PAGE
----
Administering Multiple Injectable Vaccines – Summary of findings from the accelerated introduction of inactivated polio vaccine globally
Background: In 2013, the World Health Organisation’s (WHO’s) Strategic Advisory Group of Experts (SAGE) recommended that all 126 countries using only oral polio vaccine (OPV) introduce at least 1 dose of inactivated polio vaccine (IPV) into their routine immunisation schedules by the end of 2015. In many countries, the addition of IPV would necessitate delivery of multiple injectable vaccines (hereafter, “multiple injections”) during a single visit, with infants receiving IPV alongside pentavalent vaccine (which covers diphtheria, tetanus, and whole-cell pertussis; hepatitis B; and Haemophilus influenzae type b) and pneumococcal vaccine. Unanticipated concerns emerged from countries over acceptability of multiple injections, sites of administration, and safety. We contextualised the issues surrounding multiple injections by documenting concerns associated with administration of ≥3 injections, existing evidence in the published literature, and findings of a systematic review on administration practices and techniques.
Methods: Concerns associated with multiple-injection visits were documented from meetings and personal communications with immunisation programme managers. Published literature on the acceptability of multiple injections by providers and caregivers was summarised, and a systematic review of the literature on administration practices was completed on the following topics: spacing between injection sites (ie, vaccine spacing), site of injection, route of injection, and procedural preparedness. WHO and United Nations Children’s Fund data from 2013–2015 were used to assess multiple-injection visits included in national immunisation schedules.
Results: Healthcare provider and caregiver attitudes and practices indicated concerns about infant pain, potential adverse effects, and uncertainty about vaccine effectiveness with multiple-injection visits. Published literature reinforced the record of safety and acceptance of the recommended schedule of IPV by the SAGE, but the evidence was largely from developed countries. Parental acceptance of multiple injections was associated with a positive provider recommendation to the caregiver. Findings of the systematic review identified that the intramuscular route is preferred over the subcutaneous route for vaccine administration and that the vastus lateralis muscle is preferred over the deltoid muscle for intramuscular injections. Recommendations on vaccine spacing and procedural preparedness were based on practical necessities, but comparative evidence was not identified. During 2013–2015, 85 countries added IPV to their immunisation schedules, 46 (55%) of which adopted a schedule resulting in 3 injectable vaccines being administered in a single visit.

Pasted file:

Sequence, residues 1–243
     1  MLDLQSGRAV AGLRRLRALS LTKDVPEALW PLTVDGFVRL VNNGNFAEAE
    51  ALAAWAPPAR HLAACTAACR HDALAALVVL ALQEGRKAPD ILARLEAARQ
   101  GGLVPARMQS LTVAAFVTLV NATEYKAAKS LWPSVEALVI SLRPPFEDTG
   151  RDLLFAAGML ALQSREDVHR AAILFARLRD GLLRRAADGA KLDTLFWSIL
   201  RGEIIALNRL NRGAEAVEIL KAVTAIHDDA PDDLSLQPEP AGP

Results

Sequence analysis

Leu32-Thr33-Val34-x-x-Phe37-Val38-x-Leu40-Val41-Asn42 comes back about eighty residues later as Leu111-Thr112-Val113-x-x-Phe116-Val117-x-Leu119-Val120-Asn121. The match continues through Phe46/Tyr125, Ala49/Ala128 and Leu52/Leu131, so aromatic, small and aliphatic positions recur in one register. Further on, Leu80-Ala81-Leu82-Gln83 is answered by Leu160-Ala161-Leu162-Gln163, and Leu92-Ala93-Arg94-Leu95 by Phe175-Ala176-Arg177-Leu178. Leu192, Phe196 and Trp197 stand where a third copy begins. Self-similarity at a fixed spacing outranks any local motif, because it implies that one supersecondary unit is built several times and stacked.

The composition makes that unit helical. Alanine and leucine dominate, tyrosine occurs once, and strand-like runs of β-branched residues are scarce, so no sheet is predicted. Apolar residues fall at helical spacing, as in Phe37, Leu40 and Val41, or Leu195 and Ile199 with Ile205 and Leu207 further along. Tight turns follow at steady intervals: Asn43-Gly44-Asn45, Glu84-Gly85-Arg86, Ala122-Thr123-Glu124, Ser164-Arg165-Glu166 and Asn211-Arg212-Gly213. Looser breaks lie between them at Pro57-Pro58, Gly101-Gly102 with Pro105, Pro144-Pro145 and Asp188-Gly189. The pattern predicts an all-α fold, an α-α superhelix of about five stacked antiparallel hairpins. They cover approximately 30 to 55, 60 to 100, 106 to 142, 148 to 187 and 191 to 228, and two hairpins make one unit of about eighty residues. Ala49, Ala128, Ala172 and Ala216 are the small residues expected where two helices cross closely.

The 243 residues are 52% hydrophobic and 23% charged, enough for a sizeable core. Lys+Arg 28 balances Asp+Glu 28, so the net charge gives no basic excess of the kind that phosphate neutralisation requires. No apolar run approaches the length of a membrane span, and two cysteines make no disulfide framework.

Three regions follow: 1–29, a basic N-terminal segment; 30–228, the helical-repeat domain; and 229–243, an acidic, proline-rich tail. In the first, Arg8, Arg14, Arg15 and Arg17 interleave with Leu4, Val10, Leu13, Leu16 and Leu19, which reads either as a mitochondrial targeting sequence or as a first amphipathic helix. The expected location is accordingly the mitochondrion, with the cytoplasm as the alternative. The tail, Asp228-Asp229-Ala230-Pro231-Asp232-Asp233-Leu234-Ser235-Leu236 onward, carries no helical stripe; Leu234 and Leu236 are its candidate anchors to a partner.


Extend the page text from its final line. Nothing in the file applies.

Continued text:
Conclusion: The multiple-injection experience identified gaps in guidance for future vaccine introductions. Global partner organisations quickly mobilised to assess, document, and communicate the existing global experience on multiple-injection visits. This evidence-based approach provided reassurance to opinion leaders, health workers, and professional societies, thus encouraging uptake of IPV as a second or third injection in an accelerated manner globally.